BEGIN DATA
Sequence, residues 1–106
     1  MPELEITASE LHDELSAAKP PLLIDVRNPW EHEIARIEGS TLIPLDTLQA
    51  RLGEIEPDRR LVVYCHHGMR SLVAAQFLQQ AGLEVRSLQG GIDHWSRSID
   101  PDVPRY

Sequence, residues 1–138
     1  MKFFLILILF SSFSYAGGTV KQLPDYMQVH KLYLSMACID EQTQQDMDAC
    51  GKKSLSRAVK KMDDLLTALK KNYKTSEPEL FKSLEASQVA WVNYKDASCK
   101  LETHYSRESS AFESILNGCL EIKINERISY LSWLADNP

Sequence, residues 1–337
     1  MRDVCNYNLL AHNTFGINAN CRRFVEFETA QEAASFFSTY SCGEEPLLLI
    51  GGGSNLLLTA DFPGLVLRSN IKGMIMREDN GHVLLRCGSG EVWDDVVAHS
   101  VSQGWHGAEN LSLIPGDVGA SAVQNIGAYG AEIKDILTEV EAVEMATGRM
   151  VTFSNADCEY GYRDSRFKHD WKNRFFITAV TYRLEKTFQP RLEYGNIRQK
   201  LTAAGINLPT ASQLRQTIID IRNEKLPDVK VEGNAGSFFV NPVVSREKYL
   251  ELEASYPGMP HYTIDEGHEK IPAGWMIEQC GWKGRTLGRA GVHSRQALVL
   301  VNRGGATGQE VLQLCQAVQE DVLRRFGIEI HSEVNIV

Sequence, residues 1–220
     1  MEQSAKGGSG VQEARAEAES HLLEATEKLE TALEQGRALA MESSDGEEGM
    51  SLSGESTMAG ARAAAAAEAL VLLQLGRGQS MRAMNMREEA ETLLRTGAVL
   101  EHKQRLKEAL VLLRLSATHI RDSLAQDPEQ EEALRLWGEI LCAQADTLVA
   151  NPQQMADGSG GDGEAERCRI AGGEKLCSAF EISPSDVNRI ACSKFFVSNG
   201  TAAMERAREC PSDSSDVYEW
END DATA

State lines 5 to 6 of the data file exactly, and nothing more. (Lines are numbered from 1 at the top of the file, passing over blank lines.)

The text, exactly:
Sequence, residues 1–138
     1  MKFFLILILF SSFSYAGGTV KQLPDYMQVH KLYLSMACID EQTQQDMDAC